•See also:                                      etc.
                                    WS-
http://www.w3.org/2003/          Reliability    etc.

03/ws-specs.html
                                                                  5
                   W3C
• Consortium of nearly 400 member companies
• Mission: "Lead the Web to its full potential"




                                                  6
        W3C Standards Work
Four umbrella domains, many activities:
• Architecture
  – XML, Web Services, Internationalization, etc.
• Interaction
  – HTML, Graphics, Voice Browser, Device
    Independence, etc.
• Technology & Society
  – Semantic Web, Privacy, Patent Policy, etc.
• Web Accessibility Initiative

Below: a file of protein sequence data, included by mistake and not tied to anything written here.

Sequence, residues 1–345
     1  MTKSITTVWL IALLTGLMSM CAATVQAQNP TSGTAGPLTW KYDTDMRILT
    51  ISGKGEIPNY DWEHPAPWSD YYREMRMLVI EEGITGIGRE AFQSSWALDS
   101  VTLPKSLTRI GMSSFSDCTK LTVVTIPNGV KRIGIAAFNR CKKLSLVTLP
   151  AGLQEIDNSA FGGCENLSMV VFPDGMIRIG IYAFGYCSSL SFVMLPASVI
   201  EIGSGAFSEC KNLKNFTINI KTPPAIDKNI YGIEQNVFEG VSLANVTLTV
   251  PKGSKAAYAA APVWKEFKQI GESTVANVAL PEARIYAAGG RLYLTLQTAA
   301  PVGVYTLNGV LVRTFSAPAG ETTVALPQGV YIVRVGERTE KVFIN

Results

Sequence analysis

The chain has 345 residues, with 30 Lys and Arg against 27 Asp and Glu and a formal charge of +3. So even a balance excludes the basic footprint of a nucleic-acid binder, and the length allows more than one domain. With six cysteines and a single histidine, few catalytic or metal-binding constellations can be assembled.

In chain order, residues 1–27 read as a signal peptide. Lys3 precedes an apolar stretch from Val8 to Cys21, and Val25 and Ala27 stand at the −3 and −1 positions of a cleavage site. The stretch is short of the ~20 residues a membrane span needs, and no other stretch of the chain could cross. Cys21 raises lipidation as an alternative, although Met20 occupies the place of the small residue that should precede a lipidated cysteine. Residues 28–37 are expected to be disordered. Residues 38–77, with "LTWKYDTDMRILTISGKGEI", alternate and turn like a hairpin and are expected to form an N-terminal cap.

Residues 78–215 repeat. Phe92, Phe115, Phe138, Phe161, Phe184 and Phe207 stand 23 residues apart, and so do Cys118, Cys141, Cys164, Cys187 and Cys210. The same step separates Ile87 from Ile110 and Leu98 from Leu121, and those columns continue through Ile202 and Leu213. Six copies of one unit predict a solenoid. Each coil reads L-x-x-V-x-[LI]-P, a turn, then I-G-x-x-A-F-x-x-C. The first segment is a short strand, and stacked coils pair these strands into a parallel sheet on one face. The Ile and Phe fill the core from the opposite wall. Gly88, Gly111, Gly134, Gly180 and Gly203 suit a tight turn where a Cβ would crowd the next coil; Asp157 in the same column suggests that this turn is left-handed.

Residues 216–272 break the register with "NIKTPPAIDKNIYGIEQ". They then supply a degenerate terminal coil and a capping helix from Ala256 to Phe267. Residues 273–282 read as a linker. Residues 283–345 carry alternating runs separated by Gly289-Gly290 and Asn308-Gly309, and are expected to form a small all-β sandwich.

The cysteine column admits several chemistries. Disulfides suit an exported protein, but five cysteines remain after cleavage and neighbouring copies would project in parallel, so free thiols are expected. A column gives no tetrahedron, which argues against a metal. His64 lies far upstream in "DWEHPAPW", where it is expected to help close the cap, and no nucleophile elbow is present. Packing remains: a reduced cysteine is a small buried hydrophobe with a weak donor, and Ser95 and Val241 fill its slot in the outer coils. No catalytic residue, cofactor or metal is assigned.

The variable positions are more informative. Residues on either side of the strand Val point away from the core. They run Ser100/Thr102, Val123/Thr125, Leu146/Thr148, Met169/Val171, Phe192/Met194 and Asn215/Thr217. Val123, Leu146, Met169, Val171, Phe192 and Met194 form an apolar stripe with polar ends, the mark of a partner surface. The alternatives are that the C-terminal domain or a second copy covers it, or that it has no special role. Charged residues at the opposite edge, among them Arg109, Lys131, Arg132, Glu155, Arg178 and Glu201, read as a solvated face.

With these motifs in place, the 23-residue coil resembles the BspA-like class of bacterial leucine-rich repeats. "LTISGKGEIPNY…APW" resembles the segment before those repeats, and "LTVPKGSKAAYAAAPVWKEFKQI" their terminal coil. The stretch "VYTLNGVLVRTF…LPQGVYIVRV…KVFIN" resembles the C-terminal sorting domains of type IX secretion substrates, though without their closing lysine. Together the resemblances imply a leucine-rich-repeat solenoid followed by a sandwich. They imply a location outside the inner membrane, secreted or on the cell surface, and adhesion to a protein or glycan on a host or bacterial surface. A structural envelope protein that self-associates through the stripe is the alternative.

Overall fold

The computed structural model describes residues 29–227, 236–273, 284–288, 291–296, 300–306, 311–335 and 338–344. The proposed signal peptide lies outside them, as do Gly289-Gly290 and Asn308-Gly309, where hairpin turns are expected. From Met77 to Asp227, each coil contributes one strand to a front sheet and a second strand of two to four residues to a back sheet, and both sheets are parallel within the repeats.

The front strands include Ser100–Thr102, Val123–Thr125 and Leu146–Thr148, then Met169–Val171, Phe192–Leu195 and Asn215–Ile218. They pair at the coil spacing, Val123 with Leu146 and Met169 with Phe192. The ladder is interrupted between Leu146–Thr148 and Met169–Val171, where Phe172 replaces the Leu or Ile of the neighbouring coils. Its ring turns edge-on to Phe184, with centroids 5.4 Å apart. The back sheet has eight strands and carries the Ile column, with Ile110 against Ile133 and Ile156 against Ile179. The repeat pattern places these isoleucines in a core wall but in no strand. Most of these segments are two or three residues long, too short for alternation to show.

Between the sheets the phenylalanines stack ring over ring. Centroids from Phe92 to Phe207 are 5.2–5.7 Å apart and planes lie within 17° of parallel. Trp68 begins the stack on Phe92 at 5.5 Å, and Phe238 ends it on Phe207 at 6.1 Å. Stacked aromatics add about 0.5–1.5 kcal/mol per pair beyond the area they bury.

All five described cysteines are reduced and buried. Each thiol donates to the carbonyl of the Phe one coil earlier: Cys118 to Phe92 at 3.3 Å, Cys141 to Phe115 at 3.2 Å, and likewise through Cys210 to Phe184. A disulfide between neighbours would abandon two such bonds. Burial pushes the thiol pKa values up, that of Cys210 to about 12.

– See http://www.w3.org/WAI/
                                                    7
 W3C Work on Web Services –
       Foundations
XML Activity:
• XML, XML Schema, XML Query, XKMS

Technology and Society Domain:
• XML Encryption, Canonicalization,
  Digital Signatures, P3P



                                      8
 W3C Work on Web Services –
   Web Services Activity
Web Services Activity:
• XML Protocol (SOAP 1.2)
• Web Services Architecture Working Group
• Web Services Description Working Group
  (WSDL 2.0)
• Web Services Choreography Working
  Group
• Semantic Web Services Interest Group –
  (NEW)
                                            9
W3C Web Services Architecture
 Working Group (WSA WG)
•Formed in Feb. 2002
•Goals:
   – Describe vendor-neutral architecture of Web
     services
        • Consistent with existing Web architecture and Semantic
          Web
   – Identify new W3C work needed
•Challenge:
   – Vendor architectures propose what should happen
   – WSA tries to analyze what is happening.

                                                                   10
           Not an Easy Task
• It's hard to define exactly what some
  common terms really mean